Roman Catholic Church in Russia appeals to human rights groups to protest what it calls an anti-Catholic campaign

The head of the Roman Catholic Church in Russia appealed Thursday to Russian and international human rights groups to protest what he called a "large-scale anti-Catholic campaign" that includes the expulsion of priests and the vilification of Catholics.

"We are seeing once again a replay of the drama of the Catholic Church in Russia, which having endured cruel persecution in the 20th century and being almost everywhere destroyed, is undergoing new trials after a decade of difficult development," Archbishop Tadeusz Kondrusiewicz said in an open appeal addressed to human rights groups and "all people of good will."

Kondrusiewicz noted that five foreign-born Catholic priests have had their Russian visas revoked this year, the latest on Tuesday when Father Edvard Mackiewicz was turned back at the Belarus-Poland border by Russian border guards, who augment Belarus' border guards.

He said that Catholics have also experienced bans on constructing new churches and vandalism and desecration of existing churches.

"Recently, a large-scale anti-Catholic campaign has been launched in this country," Kondrusiewicz said. As part of the campaign, he said, "a mythological image of a 'Catholic enemy'" is being created.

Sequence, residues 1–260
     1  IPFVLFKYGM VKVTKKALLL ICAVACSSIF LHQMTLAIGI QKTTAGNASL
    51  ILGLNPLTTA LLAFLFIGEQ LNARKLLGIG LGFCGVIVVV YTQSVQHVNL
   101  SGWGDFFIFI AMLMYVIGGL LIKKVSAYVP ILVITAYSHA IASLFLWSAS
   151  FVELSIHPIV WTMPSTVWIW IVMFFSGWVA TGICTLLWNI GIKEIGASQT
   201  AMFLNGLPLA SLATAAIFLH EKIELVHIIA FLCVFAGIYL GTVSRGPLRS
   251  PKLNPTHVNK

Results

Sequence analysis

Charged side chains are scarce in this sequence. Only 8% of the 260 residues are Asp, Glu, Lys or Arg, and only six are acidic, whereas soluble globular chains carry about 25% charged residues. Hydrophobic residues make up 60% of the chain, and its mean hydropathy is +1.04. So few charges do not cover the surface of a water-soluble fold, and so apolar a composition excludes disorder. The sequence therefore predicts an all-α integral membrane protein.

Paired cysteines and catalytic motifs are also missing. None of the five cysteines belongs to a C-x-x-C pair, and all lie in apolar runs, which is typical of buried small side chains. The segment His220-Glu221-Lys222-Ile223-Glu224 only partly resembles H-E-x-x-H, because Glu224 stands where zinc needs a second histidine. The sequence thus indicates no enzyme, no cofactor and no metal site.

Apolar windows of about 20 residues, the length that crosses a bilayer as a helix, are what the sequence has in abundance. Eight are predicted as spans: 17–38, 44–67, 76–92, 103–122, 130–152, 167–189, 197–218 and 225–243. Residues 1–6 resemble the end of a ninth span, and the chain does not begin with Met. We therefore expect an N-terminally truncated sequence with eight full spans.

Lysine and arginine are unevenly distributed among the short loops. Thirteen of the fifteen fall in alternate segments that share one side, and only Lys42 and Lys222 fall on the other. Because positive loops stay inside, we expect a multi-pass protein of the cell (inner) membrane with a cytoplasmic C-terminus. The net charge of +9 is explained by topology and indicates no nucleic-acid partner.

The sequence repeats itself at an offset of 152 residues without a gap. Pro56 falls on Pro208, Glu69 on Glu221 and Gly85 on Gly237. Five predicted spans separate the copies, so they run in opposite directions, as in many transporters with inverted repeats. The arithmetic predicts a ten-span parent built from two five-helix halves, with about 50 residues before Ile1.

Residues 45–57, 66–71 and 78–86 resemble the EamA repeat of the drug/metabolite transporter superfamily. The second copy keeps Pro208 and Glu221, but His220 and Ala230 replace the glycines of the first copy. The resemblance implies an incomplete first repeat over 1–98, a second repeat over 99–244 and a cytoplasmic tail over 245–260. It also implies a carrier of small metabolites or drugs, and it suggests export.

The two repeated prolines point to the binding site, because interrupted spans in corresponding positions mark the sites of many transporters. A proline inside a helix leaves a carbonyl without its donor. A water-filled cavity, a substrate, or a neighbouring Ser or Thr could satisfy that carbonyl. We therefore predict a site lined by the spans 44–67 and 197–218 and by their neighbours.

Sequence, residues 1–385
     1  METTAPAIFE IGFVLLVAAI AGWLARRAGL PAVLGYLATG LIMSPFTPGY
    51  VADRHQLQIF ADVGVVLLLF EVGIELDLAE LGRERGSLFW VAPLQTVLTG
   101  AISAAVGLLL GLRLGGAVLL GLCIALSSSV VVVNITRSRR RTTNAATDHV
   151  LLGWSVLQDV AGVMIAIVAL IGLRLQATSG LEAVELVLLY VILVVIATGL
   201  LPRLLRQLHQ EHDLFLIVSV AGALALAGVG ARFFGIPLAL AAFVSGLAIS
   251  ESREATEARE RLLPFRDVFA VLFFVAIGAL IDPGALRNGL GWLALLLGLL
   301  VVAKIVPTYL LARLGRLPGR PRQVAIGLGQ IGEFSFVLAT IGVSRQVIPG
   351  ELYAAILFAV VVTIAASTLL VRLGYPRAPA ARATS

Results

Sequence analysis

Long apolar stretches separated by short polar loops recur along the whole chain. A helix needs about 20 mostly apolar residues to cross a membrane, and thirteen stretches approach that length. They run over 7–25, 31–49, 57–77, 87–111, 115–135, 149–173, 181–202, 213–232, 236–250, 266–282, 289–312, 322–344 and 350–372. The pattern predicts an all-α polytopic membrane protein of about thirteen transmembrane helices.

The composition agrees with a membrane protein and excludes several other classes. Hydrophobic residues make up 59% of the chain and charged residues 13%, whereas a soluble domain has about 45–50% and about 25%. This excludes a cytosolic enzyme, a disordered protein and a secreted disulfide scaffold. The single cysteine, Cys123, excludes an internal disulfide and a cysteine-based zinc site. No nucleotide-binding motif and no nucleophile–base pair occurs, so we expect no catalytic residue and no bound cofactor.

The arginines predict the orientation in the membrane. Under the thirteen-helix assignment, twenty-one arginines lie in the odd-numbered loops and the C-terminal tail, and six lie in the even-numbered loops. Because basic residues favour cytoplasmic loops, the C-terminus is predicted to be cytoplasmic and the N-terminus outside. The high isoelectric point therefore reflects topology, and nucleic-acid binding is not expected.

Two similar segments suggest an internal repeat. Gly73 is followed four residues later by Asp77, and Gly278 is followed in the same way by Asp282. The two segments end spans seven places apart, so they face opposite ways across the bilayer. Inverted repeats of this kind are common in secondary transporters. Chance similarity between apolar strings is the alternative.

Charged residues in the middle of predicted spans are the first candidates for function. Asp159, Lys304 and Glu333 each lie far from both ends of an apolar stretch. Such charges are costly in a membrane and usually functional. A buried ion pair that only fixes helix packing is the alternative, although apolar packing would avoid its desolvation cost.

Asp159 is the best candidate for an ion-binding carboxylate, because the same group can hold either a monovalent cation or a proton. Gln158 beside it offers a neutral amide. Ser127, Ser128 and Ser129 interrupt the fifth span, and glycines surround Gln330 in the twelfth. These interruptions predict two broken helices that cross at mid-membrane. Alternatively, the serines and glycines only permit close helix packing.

Tensions have risen around the Catholic Church following Pope John Paul's visits to former Soviet republics and the Vatican's decision to upgrade its so-called apostolic administrations in Russia to full dioceses.

The Russian Orthodox Church complains that Roman Catholics are poaching converts from among people who traditionally would have been Orthodox adherents. The Catholic Church insists it is not seeking converts, but simply trying to provide pastoral services to Russia's estimated 600,000 Catholics, a tiny minority in a nation of 144 million where two-thirds of the population consider themselves Orthodox.

Kondrusiewicz said the Catholic Church has asked the Russian government to explain why its priests were being expelled, but "we have received no clear answer."

"This severe reality in effect throws us back to the time of the former regime when Russian Catholics were left without pastors or normal spiritual ministry," he said in the appeal.

Saying that Catholics were being made into "second-class citizens," Kondrusiewicz appealed to human rights groups to protest the government's actions to prevent "a new tragedy from beginning in Russia."